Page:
The Nuffield Family Justice Observatory has this week published its follow-up consultation on how remote hearings in the family justice system have been working since the outbreak of Covid-19. Over 1,300 professionals and participants of the family justice system from across England and Wales were involved in the consultation, and participated by completing an online survey.

One of the key benefits of remote hearings for all Court users that comes through from the consultation is that of efficiency, with those participating reporting that hearings tended to take place on time and there is less waiting around. Remote hearings can afford the parties greater flexibility and a judge who participated in the survey commented that their experience was that “the number of ‘no-shows’ by lay parties has in fact decreased, as the court comes to them rather than them having to come to the court”.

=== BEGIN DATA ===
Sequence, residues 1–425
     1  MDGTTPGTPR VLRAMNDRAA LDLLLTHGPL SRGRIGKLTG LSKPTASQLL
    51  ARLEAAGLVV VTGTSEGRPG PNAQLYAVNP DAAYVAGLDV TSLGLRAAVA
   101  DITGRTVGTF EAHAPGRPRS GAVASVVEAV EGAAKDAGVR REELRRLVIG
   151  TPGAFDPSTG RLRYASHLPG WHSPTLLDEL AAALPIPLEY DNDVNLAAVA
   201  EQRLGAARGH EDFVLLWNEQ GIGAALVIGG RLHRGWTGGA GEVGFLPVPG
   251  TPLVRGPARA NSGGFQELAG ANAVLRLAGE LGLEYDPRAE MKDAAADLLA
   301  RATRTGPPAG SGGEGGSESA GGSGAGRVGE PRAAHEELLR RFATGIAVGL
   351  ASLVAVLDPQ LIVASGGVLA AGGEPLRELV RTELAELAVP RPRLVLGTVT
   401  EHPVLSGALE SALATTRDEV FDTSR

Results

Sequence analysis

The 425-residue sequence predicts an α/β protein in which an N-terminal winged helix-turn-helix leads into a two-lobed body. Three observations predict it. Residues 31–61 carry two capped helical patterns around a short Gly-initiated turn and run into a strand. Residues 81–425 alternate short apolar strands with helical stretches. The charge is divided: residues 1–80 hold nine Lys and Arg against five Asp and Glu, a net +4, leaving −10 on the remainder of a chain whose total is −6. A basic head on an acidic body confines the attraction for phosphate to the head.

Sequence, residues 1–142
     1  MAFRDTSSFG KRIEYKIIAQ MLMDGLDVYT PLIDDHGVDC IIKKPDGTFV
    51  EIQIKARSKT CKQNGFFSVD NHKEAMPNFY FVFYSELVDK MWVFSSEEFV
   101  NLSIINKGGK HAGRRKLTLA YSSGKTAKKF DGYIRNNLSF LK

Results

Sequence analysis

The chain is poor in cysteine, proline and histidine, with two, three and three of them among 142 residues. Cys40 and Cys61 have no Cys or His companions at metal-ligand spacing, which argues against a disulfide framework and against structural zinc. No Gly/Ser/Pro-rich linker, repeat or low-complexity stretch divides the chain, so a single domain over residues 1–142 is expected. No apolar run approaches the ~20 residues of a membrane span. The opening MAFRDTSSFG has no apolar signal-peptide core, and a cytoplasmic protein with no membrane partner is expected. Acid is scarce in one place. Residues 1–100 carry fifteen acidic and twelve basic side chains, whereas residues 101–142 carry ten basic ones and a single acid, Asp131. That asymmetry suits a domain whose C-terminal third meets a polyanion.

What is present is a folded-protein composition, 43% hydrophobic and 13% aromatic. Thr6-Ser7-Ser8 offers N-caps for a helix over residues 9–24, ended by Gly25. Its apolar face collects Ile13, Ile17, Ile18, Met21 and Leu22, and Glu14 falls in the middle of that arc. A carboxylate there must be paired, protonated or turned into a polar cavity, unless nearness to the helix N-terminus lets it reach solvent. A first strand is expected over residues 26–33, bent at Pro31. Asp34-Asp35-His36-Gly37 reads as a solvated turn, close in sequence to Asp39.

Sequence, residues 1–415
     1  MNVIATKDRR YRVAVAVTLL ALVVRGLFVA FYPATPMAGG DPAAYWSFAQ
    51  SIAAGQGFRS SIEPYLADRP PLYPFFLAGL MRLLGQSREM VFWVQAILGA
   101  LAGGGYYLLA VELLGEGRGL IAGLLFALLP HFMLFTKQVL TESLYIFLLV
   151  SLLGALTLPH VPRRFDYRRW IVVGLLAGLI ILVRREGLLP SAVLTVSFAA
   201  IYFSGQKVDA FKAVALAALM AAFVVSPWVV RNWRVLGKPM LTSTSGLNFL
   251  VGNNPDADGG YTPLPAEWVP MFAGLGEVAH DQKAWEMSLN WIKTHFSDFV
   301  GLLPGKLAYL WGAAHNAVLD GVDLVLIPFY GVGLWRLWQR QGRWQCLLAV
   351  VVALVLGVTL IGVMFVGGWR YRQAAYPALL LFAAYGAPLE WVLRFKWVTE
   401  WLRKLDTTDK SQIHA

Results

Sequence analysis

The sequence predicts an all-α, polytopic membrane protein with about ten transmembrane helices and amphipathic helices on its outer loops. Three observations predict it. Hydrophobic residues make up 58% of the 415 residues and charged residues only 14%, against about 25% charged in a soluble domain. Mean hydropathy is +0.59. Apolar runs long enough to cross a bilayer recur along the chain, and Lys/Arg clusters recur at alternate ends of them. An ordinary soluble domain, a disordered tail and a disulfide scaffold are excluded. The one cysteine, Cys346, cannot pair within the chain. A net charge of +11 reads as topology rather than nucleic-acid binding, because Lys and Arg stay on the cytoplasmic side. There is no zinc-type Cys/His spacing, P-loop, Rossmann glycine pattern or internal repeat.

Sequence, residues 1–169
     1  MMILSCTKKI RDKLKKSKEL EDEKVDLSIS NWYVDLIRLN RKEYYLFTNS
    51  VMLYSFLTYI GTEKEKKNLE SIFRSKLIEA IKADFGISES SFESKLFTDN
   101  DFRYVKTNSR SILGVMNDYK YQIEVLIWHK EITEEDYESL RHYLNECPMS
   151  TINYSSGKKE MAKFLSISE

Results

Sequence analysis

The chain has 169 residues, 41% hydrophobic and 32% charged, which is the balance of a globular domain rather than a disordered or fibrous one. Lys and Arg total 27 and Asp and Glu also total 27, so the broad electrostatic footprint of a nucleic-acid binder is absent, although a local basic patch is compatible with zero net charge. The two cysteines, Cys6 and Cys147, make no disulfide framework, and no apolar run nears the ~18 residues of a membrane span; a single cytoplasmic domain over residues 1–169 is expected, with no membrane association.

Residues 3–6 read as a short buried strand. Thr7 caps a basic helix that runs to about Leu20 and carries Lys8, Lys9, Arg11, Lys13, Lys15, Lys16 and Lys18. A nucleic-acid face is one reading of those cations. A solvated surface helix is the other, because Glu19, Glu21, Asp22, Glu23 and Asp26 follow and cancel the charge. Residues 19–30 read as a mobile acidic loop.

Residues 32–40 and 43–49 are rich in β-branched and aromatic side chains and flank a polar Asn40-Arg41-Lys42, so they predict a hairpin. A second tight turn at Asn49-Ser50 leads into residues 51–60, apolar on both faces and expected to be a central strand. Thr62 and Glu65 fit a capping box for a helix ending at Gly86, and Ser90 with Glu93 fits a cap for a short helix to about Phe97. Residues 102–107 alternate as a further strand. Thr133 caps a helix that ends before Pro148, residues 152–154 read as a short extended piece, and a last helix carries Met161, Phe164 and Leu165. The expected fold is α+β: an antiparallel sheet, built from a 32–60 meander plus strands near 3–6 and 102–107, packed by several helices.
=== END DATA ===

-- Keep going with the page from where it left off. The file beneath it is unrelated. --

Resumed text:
There appears to be a wide range of views on the question of whether the remote hearings that those who responded to the survey have participated in have been fair. Whilst 78% of the professionals who participated in the consultation felt the process had been either fair or fair most of the time, the report found that: “the majority of the 132 parents who responded to the question felt their case had not been dealt with well, and just under half of those who answered the follow-up question had not understood what had happened during the hearing.” I wonder if this would be the case regardless of whether or not the hearing was being conducted remotely or face-to-face.

The consultation found that a strong theme in the responses was concern “about the difficulty of creating an empathetic and supportive environment when hearings are held remotely”. The difficulties of communication during the hearing between the parties and their legal representatives when they are based in different locations was also raised.

The consultation concludes with suggestions from the participants as to how improvements could be made. These include:

  • having separate rooms for the parties and their advisors to access the hearing together in;
  • during the hearing ensuring that the outcome has been understood by the parties; and
  • having a virtual usher in a virtual lobby before parties join the hearing.

We await to see what changes will be made following the publication of this consultation and the impact they would have.